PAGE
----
NEW REPORT: Our friends in the North: UK strategy towards the Arctic
A Beijing to Britain briefing note
Today the Lords International Relations and Defence Committee publishes a new report examining the UK’s strategy towards the Arctic. ‘Our friends in the North: UK strategy towards the Arctic’ is the culmination of several months of witness evidence, discussions and hearings. It follows the Government’s Arctic Strategy published last year.
The report features a significant chapter on China and over 100 mentions of the country: what are its ambitions, who is Beijing working with, what assets does it have in the region, and how should the UK respond?
Today’s Beijing to Britain briefing note breaks down the main points from the report, contextualising its recommendations and adding insight you can action.
Who’s on the Committee?
The Members of the International Relations and Defence Committee are:
Lord Anderson of Swansea: long-serving Labour Peer, sits on Transatlantic Trade APPG
Lord Robertson of Port Ellen: served as the 10th Secretary General of NATO from 1999 to 2003 and was the UK's Secretary of State for Defence from 1997 to 1999, initiated Labour’s 1997/8 Strategic Defence Review
Lord Ashton of Hyde (Chair): chaired the Committee since January this year, known for his pithy answer explaining to a fellow peer what an algorithm is
Lord Soames of Fletching: Conservative grandee and grandson of former Prime Minister Winston Churchill
Lord Boateng: Chief Secretary to the Treasury in May 2002, and later served as the British High Commissioner to South Africa from 2005 to 2009
Lord Stirrup: served as the Chief of the Defence Staff from 2006 until his retirement in 2010
Lord Campbell of Pittenweem: long-serving Liberal Democrat member and Peer
Baroness Sugg: former Special Advisor with deep knowledge of foreign policy, former FCDO Minister
Baroness Coussins: an adviser on corporate responsibility, sits on United Nations APPG
Lord Teverson: previously oversaw a Committee report on the Arctic, published in 2015
Baroness Morris of Bolton: came to The Lords under Iain Duncan Smith
Lord Wood of Anfield: former advisor to Prime Minister Gordon Brown, covering foreign policy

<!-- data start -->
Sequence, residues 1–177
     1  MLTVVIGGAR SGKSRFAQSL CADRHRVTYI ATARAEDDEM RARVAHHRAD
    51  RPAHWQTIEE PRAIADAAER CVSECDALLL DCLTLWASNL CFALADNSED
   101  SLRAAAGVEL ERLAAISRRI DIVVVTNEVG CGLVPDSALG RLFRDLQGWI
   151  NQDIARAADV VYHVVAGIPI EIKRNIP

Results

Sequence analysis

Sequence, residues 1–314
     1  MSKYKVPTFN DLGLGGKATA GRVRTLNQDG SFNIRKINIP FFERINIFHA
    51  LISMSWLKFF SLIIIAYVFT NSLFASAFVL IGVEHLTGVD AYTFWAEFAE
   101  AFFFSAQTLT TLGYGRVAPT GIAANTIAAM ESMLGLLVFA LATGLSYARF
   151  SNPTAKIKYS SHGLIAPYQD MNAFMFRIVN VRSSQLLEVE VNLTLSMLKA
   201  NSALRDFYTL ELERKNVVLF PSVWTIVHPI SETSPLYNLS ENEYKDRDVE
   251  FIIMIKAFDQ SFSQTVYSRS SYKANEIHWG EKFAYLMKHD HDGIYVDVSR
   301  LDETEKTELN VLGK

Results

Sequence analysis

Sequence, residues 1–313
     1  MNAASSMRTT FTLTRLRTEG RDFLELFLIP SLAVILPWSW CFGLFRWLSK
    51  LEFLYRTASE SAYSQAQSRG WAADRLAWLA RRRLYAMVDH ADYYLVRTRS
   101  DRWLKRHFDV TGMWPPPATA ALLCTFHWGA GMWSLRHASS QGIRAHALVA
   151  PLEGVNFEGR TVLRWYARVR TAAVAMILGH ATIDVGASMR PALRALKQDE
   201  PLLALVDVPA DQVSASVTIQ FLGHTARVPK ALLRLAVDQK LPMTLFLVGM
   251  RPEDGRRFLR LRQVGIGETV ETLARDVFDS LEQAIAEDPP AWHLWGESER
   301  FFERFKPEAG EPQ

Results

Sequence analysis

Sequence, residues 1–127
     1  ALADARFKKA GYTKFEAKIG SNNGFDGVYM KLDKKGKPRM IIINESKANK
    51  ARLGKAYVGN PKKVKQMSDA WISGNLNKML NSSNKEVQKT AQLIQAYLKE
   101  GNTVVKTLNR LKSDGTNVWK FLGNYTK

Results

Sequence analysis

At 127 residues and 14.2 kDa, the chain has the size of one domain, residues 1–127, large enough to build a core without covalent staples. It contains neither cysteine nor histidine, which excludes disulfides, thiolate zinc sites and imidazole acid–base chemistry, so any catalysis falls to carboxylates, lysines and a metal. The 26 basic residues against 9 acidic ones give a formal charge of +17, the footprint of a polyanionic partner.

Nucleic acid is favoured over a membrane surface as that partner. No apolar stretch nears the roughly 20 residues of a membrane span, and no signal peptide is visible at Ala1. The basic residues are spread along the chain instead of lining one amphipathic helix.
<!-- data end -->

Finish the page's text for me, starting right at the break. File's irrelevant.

The Committee argues the following:
The Arctic is rapidly changing thanks to global warming, which will open new trade routes, but also new potential fronts for geopolitical tension; the UK’s positioning in the region must reflect these changes
Following a costly illegal invasion of Ukraine, Russia may turn to China for investment needs, prompting China to use this as leverage to expand in the Arctic, but more study is needed of the bilateral
The UK Government needs to update its planning to account for this, including the possibility “that China could in future seek to establish a military presence in the Arctic.”
The recurring theme that underpins this report is climate change. The observations are blunt: “we know that all climate scenarios anticipate that the central Arctic Ocean will be largely ice free in summer by 2040–45.” The disappearing ice will open new frontiers for critical minerals mining, mass fishing and tourism, all of which will need to be managed. The Committee also believes it could change the dynamic of how geopolitical powers utilise the Arctic. To this end, it recommends the UK takes a leading role in negotiating a new Polar Code, and rejoins the Agreement to Prevent Unregulated High Seas Fisheries in the Central Arctic Ocean at the first opportunity.
Moving to the UK-China bilateral, a number of experts and industry veterans gave evidence to this inquiry, and the Committee tries to reflect on their agreements and disagreements. Many of these touch on China’s role in the region and try to separate genuine regional concerns from wider vague fears. For example, how far should the Government separate Chinese political rhetoric from actual concrete action? What are the current assets China has that could end up as dual-use?
Ultimately two things are clear: the United Kingdom needs to factor in and monitor China as a player in the region, and more critically, needs to pay close attention to Sino-Russian ties.
Key mentions of China
The role of China
“The 2023 Integrated Review Refresh identified China’s deepening partnership with Russia as a development of particular concern for the UK. One of the areas in which there could be closer Sino-Russian co-operation is in the Arctic. At present, China’s involvement in the Russian Arctic has been focused primarily on joint ventures in the hydrocarbon sector. Russia’s leadership wishes to retain firm control over its sector of the Arctic. However, witnesses suggested that power dynamics could change as a weakened Russia turns East to meet its investment needs, providing China with increased leverage and influence in the region.”